Hazy Days of Summer
afternoon summer afternoon; to me these have always been
the two most beautiful words in the English language.
eight-year-old boy sitting on the well worn limb of the willow tree
overlooking the weed-infested shoreline of the Detroit River has
never heard of Henry James, but no matter he knows about
Long lazy days.
A group of boys renting the broad, flat, light-grey rowboats from
Beards Boathouse (15 cents per hour; each boy contributing
one hard-earned nickel).
Fishing for perch and rock bass with home-made rods off the dock
of the Walkerville and Detroit Ferry Company.
Watching the older boys diving into the foaming water off the stern
of the tubby ferry, the Wayne, as she butts her way toward midstream
on her way to her Detroit dock at the foot of Jos. Campeau.
Helping Dennis Harris melt tar (probably stolen from the streets
of Old Walkerville) in an iron pot over a fire at the rivers
edge. To be used to seal the cracks of his on-the-beach-constructed
sail boat (which will sink on launching and never see the light
of day again).
Playing in secret hideouts up the dirt embankment on the underside
of the Peabody Bridge (where pubescent boys draw crude pictures
of the female anatomy and misspell the four-letter words accompanying
Hanging around the Walkerville Taxi stand at the Devonshire end
of the bridge, waiting for some rich American to disembark from
the ferry and order a cab to ever-so-distant places. Sometimes as
far as Ouellette and Wyandotte in Windsor. What if it does cost
a quarter? Expensive is nothing to these wealthy Yankees.
A visit to the Walkerville Police Station in the coach house at
Willistead where Chief Constable James P. Smith lectures sternly
on the dangers of entering a life of crime.
Other boys are duly impressed. But not enough to erase from their
young minds the thrill of the ride to the station in the spanking
new police cruiser. How else would any of them enjoy such a luxurious
experience in the summer of 32?
Long, lazy days.
The afternoon freight from
Toronto comes huffing and clanging under the bridge. Steam snorting
and wheels clacking over the rail joints. The engine glides to a
stop at the entrance to the freight yards at the foot of Marentette
and a half mile of box cars squeals to a stop behind it.
From dozens of these empty-cars (like ants scurrying from a kicked
ant hill) hobos, the hallmark of the 1930s, come shambling along
the cinders and down to the riverbank.
Looking for jobs that dont exist. Living in the age before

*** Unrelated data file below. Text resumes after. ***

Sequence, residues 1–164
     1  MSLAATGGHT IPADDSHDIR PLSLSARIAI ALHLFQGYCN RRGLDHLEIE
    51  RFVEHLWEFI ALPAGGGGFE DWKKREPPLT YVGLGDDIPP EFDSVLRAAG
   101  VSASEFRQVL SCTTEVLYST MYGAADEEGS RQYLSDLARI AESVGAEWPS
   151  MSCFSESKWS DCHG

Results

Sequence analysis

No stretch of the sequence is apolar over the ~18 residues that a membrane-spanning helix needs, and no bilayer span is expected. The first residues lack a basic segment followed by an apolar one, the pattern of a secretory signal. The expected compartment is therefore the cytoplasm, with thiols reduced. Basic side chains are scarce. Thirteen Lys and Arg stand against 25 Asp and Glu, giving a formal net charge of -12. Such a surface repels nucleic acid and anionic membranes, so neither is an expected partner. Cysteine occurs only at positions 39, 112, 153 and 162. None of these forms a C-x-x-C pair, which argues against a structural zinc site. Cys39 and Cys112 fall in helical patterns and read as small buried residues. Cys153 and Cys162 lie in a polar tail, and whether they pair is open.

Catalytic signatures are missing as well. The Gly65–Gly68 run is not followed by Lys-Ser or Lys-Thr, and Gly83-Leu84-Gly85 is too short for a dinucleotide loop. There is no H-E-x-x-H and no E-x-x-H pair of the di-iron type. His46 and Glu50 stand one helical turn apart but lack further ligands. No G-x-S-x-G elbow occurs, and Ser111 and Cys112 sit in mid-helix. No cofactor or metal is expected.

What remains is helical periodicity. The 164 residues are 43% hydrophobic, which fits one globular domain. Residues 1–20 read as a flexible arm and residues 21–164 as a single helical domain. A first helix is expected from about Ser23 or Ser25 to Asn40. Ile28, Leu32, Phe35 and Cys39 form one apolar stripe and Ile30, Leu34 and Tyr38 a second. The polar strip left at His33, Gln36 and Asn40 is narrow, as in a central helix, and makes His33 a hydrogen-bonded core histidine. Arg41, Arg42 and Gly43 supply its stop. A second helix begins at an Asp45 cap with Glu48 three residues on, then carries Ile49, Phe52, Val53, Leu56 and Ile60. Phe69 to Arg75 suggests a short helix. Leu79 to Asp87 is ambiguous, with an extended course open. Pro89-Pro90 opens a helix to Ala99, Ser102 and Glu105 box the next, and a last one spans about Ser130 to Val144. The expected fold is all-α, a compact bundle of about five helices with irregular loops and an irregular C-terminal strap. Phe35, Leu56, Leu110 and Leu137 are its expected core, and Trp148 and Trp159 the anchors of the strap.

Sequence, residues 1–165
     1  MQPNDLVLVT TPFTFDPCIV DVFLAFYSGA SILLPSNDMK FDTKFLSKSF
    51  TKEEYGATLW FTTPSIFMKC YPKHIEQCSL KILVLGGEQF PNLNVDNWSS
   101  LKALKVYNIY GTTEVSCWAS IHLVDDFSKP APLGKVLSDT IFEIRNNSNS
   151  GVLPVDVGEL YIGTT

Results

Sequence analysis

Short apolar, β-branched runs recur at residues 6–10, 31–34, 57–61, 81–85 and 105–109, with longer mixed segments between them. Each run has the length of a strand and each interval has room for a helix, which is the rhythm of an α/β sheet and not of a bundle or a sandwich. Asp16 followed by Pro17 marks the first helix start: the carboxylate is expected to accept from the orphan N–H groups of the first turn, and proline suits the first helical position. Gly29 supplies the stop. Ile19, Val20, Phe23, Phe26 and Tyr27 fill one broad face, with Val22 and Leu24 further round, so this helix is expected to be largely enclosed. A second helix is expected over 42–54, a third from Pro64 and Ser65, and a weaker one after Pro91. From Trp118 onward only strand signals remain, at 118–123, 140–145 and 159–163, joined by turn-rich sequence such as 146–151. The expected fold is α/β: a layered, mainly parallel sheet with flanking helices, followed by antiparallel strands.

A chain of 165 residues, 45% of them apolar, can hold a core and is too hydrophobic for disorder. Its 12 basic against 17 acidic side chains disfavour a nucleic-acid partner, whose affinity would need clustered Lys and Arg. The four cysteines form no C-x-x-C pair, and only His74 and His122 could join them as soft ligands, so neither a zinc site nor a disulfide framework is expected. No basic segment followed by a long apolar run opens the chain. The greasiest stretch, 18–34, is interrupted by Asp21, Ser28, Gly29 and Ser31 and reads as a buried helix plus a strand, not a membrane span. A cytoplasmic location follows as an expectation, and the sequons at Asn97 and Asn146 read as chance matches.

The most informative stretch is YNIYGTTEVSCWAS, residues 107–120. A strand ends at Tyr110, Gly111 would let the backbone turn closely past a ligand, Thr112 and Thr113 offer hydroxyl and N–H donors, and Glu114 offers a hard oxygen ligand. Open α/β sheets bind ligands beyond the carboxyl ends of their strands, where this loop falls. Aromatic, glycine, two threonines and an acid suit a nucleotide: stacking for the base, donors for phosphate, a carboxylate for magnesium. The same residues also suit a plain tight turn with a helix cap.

the welfare state. Single men from 16 to 60, drifting from coast
to coast, fighting off starvation. Last week they were in Halifax.
Three weeks ago, in Vancouver. Yesterday, in Toronto.
I heard there were jobs in Windsor. A fellow I
met in Brantford said Ford is hiring. Is it true? Grasping
Each hobo staggers (from the heat and fatigue; he cannot afford
a drink) down to the riverbank. Here a ritual is performed. He reaches
into his dusty suit-coat pocket (the suit-coat, a relic of the prosperous
1920s when he had a job; it does not match his trousers).
From his pocket he draws forth a piece of brown paper in which he
has carefully wrapped an old bar of soap, a comb and a razor. His
ablutions performed, he goes forth in search of a meal.
The approach: are there any jobs he can do in exchange for something
to eat? Sometimes the boy in the tree takes him to the back fence
of a nearby boarding house where he wheedles a sandwich from his
mother for the hungry man out back.
These tramps are not the rambunctios, even ferocious types sometimes
portrayed in fiction. Mostly they are sad-faced young men with dirty
collars and haunting eyes. And little hope. Waiting, lethargically,
pathetically, for the prosperity Franklin Delano Roosevelt has promised
them is just around the corner.
boy ...takes him to the back fence of a nearby
boarding house and passes him a sandwich wheedled
from his mother for the hungry man out back.
But for the boy in the tree they are just another part of the summer
scenery. As natural as the ragweed that grows along the tracks.
They are part of his world. He looks forward to the day when he
will be old enough to join them on their exciting travels.
How can he know a new cataclysm will follow in 1939, putting an
end to the Depression? When the hobos will be no more.
Who thinks of such things? Its summertime. And he slips out
of his tree seat and bounces home singing:
Halleluiah, Im a bum
Halleluiah, bum again
Halleluiah, give us a hand-out
To revive us again.